Considering the number of car accidents each year, it's not exactly surprising that flying cars haven't taken off yet. Most drivers can barely handle looking forward, backward and side to side -- and adding up and down is just going to make things worse. Still, the future promised us flying cars, so people are working on building flying cars. Here are just a few links on the topic of personal flying vehicles and some other ill-advised ideas.
Recently, some cool new space efforts are lining up to deliver people and payloads into orbit. For example, SpaceX shipped some supplies to the International Space Station, and it's on track to providing a rocket system for ferrying astronauts to the ISS as well. More and more commercial space ventures are competing with government space programs, and this new space race will hopefully continue and create even more inspiring space technologies over the next decade and beyond. Here are just a few other interesting developments along the way.
Ah, the cry of we-want-the-future-now folks has been "where's my flying car?" Well, a very simple version of one may finally be coming to market. A year ago, we noted that the Terrafugia Transition "roadable aircraft" had been approved by the FAA for flight as a light sports aircraft (meaning you don't even need a full pilots license). But it apparently took another year for the Transition to get the necessary "exemptions" from the National Highway Traffic Safety Administration to let the thing go on the road.
In case you're wondering why it needed exemptions, the LA Times has the details:
So what kinds of special exemptions does a "roadable aircraft" (best name ever) need? Well, special windows, for one. Regular laminated automotive safety glass is too heavy for the Transition while in the air, and there's always a danger that a bird could fracture it. (Dang birds!) Instead of glass windows, the Transition will use a polycarbonate material less prone to shattering. NHTSA also signed off on the use of special tires.
Now, of course, this isn't really the Jetsons-like vision of the flying car people have talked about for ages. The reason it's called a "roadable aircraft" rather than a "flying car" is that the emphasis here is definitely on the aircraft part, and you still have to take off and land at an airport. It's just that you can drive to and from the airport in the same vehicle. And it'll only set you back $250,000 (about $50,000 more than what was reported last year). By the time it actually hits the market next year, perhaps it'll cost even more.
johnjac points us to the news that the FAA's record keeping is so bad that it is "missing key information" on who owns 119,000 out of 357,000 registered private and commercial airplanes. Apparently, the FAA is so bad at record keeping that its solution is to phase out every plane's registration and demand that everyone apply for a new registration to get its database back on track. Apparently, the old system was that you just had to register once, and then you were responsible for letting the FAA know if info changed, but not everyone does that. So, basically, the FAA is rather clueless about approximately 1/3 of what's in the sky.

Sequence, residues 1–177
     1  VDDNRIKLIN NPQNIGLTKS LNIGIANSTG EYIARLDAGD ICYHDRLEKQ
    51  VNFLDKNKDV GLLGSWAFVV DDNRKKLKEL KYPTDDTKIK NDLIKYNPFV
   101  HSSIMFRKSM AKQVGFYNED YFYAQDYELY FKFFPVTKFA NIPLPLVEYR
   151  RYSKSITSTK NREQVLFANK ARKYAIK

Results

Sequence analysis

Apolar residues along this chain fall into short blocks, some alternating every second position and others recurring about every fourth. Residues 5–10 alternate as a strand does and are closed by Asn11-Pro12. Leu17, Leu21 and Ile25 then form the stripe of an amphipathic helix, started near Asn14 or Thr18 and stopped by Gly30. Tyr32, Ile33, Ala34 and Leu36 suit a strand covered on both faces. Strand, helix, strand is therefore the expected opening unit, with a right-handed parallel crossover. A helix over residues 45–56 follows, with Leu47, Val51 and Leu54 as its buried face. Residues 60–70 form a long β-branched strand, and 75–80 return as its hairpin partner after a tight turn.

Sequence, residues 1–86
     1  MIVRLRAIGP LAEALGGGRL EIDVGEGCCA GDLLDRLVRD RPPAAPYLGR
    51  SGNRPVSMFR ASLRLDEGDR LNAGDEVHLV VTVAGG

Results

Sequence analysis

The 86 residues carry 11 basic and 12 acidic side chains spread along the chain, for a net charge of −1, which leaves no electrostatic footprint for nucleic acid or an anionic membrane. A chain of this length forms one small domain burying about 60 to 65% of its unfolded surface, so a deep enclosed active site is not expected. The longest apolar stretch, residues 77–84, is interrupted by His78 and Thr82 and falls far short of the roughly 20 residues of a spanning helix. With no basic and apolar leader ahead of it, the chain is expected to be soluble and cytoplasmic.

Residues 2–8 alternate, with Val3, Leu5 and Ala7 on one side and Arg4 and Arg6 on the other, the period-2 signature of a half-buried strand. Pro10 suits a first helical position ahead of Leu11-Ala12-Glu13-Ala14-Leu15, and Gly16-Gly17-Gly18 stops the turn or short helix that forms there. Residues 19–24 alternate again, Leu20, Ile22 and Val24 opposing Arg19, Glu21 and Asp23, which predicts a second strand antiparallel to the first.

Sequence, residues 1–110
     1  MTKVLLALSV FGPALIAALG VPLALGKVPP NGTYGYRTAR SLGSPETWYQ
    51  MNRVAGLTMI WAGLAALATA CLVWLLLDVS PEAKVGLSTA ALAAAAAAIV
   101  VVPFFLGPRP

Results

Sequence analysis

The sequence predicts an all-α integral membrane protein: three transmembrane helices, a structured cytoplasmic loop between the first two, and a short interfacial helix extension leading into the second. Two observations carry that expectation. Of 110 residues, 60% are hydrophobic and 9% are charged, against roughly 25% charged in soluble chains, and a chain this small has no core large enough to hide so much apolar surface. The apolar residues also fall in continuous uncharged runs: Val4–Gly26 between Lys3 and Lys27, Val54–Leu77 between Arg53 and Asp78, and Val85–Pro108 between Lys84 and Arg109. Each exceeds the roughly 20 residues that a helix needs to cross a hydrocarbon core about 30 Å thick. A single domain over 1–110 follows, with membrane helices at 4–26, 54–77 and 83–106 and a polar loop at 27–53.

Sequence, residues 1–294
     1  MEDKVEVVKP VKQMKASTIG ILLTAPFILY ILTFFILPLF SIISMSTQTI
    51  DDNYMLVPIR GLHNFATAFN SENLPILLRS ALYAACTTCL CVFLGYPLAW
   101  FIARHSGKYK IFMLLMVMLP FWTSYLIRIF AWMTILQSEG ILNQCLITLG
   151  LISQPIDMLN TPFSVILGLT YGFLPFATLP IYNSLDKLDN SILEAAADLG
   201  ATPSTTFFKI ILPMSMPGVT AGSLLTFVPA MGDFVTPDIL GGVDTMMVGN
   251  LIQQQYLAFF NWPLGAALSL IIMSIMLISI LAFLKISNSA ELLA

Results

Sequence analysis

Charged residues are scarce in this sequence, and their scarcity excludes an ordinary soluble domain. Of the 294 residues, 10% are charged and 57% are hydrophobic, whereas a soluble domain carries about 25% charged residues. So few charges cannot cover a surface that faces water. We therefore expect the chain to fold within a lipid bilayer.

The joking lamentation of those who were promised, back during the 20th century, of a magical Jetsons-like future in the 21st century, is the famous "but, where's my flying car?" Apparently, it's on the way. Sort of. The FAA is apparently about to give approval to the Transition, which its maker, Terrafugia, refers to as a "roadable aircraft" (catchy!) rather than a flying car. It's basically a car that has foldout wings, which can then be used to take off and land at airports. Not quite the Jetsons flying car of the future, but it's progress, right?
We had noted that there were still a bunch of companies working on flying cars, even as some of the more well known attempts have remained permanently grounded. And, of course, as people will be quick to point out in the comments (I'm sure), the idea of flying cars scares the hell out of some people, since they expect it to mean a lot more air crashes and resulting deaths. Those folks might not be thrilled to note that since this is classified as a light sports aircraft, rather than a full airplane, it doesn't require a full pilot's license -- but instead just needs 20 logged hours of flight.
There are some cool things about the Transition, such as the fact that it uses standard unleaded car fuel, rather than airplane fuel, and the fact that it's designed to fit in a garage when the wings are folded up. But, at $200,000, with rather limited range and cargo holding ability, I wouldn't worry too much about these things becoming particularly common any time soon.
Over the weekend, a story out of the UK began to get some buzz, when an American FAA representative supposedly told a British newspaper that the FAA will not approve in-flight mobile phone calls after the agency received a ton of complaints when it publicly began considering the shift in policy. Of course, this is somewhat meaningless, because the FCC had already said no to the change in policy, and both agencies would likely need to agree before any change went into effect. So, for those of you (and we know there are lots of you) who were terrified by the idea that you might get stuck sitting next to someone jabbering away into a mobile phone for a cross-continent flight... rest easy. Well, rest easy until you realize that voice is just a form of data, and it's only a matter of time until internet access in the sky means the person sitting next you will be jabbering away via Skype for a cross-continent flight no matter what gov't agencies have to say about mobile phones in the sky.